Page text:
Yet Jack is not a machine. His emotions are all too real. Jack is righteously indignant at corrupt government officials like Walt Cummings, President Logan’s chief of staff, and threatens to cut out Cummings’ eyes. Jack is furious at the gunman who assassinated former President David Palmer and shoots the assassin dead once he confesses. Jack breaks down in tears at the end of one particularly long and rough day.

We can deride the show for its violence and un-believability. Some have criticized 24 for depicting the torture of suspects during interrogation. No doubt it faces other charges too. Yet it’s one of the most hyped and watched television series today. Setting aside the hype, marketing, and slick production though, I suspect I know why 24 is so hugely popular. At least, I suspect I know why I’m glued to the screen.

Jack Bauer reminds me of someone.

When I watch Jack in action, I’m watching the God I want in action. Yeah, I’d like a God like that. This isn’t George Burns’s wise-cracking, distant God of the Oh, God films of the 1970s and ’80s, a God who sits back and encourages us to pick up the world’s shattered pieces. This is God as we’ve hoped God would come: guns blazing, setting all wrong right, exposing evil, tripping up bad dudes, and dispensing divine justice. Our interest in 24 ref lects a prophetic longing for justice on earth and in our time, a desire for divine intervention in the affairs of the world. Such longing is both historical and personal. We’d love a God as gung-ho as Jack, a God willing to step into our world and set things right. A Jack Bauer-like God speaks to our sense of injustice and our sense that we have waited too long for all to be made right.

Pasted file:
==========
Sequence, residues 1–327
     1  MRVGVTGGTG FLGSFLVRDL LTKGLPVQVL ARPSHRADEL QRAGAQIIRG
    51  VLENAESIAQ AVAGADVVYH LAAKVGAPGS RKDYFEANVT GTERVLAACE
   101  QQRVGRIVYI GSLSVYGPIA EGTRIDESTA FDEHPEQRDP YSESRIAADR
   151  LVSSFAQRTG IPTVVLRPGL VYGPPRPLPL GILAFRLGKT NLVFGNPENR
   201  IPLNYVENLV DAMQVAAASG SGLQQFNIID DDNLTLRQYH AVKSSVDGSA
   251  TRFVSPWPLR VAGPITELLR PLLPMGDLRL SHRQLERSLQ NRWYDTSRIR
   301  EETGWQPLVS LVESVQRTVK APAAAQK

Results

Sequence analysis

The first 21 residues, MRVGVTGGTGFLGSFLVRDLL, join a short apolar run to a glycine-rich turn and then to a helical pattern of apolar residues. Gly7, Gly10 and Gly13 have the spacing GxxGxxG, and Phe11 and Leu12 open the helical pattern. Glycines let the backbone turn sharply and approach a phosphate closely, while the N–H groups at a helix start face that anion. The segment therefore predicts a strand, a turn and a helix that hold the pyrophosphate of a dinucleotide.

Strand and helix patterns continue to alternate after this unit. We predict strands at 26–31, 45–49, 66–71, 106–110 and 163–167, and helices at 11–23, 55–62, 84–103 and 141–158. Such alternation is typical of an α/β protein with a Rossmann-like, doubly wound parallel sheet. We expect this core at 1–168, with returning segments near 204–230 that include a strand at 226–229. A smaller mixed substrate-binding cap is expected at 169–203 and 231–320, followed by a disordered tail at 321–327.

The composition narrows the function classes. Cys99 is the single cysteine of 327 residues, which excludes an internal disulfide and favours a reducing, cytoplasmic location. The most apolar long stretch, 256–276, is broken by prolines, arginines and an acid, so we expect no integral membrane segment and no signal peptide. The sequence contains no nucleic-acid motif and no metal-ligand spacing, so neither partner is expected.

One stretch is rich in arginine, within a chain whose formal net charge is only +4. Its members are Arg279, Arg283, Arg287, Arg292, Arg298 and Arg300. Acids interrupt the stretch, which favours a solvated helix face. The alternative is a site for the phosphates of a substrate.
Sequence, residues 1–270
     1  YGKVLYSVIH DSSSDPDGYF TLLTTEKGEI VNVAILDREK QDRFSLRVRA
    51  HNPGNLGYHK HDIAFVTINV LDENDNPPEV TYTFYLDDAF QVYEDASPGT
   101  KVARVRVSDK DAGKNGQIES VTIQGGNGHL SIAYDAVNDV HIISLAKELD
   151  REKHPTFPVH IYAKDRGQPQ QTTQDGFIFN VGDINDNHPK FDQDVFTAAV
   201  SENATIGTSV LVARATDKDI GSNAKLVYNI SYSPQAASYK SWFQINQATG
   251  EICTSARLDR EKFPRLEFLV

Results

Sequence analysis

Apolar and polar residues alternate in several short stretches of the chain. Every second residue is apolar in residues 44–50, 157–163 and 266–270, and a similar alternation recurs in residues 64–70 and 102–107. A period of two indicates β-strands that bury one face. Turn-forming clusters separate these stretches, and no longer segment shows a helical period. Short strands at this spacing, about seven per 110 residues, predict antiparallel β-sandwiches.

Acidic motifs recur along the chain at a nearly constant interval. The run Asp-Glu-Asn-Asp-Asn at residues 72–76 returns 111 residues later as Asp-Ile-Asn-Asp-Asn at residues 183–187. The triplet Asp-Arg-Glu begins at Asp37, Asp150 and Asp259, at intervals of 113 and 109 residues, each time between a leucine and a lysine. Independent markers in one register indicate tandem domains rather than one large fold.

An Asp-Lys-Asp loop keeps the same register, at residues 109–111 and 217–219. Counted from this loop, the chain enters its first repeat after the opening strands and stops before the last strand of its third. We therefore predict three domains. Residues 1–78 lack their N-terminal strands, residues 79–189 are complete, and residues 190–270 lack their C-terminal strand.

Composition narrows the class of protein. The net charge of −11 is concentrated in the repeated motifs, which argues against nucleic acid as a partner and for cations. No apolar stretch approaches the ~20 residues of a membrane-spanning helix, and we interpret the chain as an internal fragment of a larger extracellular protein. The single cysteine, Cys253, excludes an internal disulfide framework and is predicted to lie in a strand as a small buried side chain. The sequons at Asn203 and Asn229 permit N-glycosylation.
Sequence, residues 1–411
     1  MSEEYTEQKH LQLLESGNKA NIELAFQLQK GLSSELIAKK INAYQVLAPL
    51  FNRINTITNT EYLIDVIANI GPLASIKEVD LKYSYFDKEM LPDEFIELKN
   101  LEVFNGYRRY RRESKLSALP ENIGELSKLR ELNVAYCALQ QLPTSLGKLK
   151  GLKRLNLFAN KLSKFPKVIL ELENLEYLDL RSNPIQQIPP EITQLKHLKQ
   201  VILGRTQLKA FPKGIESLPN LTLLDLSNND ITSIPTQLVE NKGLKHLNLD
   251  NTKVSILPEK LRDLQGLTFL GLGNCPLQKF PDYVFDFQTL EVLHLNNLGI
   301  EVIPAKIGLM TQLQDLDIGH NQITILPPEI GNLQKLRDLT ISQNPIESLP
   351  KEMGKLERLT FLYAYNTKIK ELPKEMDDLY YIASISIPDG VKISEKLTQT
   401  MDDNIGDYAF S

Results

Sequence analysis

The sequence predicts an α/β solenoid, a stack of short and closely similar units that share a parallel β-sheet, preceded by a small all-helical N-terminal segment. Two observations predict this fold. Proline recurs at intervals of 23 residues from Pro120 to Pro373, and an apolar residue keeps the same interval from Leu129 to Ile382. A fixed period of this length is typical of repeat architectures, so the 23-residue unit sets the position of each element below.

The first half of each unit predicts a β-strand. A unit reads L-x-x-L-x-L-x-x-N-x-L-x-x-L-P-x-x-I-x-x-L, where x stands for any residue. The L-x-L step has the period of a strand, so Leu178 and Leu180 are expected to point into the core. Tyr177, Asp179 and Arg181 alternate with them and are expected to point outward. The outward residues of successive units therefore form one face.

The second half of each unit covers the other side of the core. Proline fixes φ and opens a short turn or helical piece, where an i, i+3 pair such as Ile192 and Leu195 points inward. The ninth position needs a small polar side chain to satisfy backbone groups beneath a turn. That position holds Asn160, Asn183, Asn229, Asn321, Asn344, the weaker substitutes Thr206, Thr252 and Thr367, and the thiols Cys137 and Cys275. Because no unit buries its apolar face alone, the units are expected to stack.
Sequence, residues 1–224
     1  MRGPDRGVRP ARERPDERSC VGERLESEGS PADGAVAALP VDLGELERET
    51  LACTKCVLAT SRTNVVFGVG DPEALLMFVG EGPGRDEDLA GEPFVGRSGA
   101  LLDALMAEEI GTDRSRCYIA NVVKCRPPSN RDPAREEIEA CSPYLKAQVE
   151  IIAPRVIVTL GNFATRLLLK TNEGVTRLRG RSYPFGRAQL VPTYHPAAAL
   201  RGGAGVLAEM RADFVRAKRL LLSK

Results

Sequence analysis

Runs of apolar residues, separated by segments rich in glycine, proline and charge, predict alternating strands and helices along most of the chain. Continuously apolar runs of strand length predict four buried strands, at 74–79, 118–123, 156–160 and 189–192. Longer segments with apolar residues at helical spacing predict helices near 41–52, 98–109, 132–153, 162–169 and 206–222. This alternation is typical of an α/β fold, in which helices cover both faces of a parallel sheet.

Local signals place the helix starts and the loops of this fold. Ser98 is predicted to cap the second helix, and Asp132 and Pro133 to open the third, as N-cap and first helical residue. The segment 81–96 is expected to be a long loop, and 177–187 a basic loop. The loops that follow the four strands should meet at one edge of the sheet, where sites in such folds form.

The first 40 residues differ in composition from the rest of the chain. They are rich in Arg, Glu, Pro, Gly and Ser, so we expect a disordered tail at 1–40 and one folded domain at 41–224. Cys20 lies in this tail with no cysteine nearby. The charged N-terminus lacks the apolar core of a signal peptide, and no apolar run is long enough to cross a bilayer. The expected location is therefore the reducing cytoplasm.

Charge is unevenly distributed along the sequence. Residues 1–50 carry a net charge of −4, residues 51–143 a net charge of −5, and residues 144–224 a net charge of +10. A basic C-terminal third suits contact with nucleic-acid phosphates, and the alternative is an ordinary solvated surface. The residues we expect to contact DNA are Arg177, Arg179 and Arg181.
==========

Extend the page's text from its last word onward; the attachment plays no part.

Other TV series and films may appear to speak more directly to our spiritual yearnings. Highway to Heaven, Touched by an Angel, and NBC’s latest flop, The Book of Daniel, most immediately spring to my late baby-boomer mind. But our spiritual longings are broader and subtler than what’s reflected in those shows.

We’re not alone in our spiritual hungering, of course. On behalf of generations past, present, and future, prophets like Isaiah and Habakkuk have carried our lament–“How long? “–to God. How long before you intervene in this world, God? Where are you, the Jack-like, omnitalented, relentlessly-focused God of our dreams? Why are you not acting, not making hard decisions and understandable judgments, not protecting life and the world’s greater good? Why are you not loyal to us? Where is your righteous anger? Along with the Psalmist, we ask, “Why do you sleep, O Lord? …Why do you hide your face?”

Television producers can fairly easily create shows about good-looking angels descending to earth and bestowing favors on needy individuals. Assembling shows about god-like special agents rooting out evil and restoring peace isn’t too hard either. A show about a God who waits, who acts when we’re not paying attention, and who makes decisions beyond our comprehension: now that’s a real trick.

Mary DeJonge-Benishek writes, watches 24, and drives an unregistered minivan in northeast Wisconsin.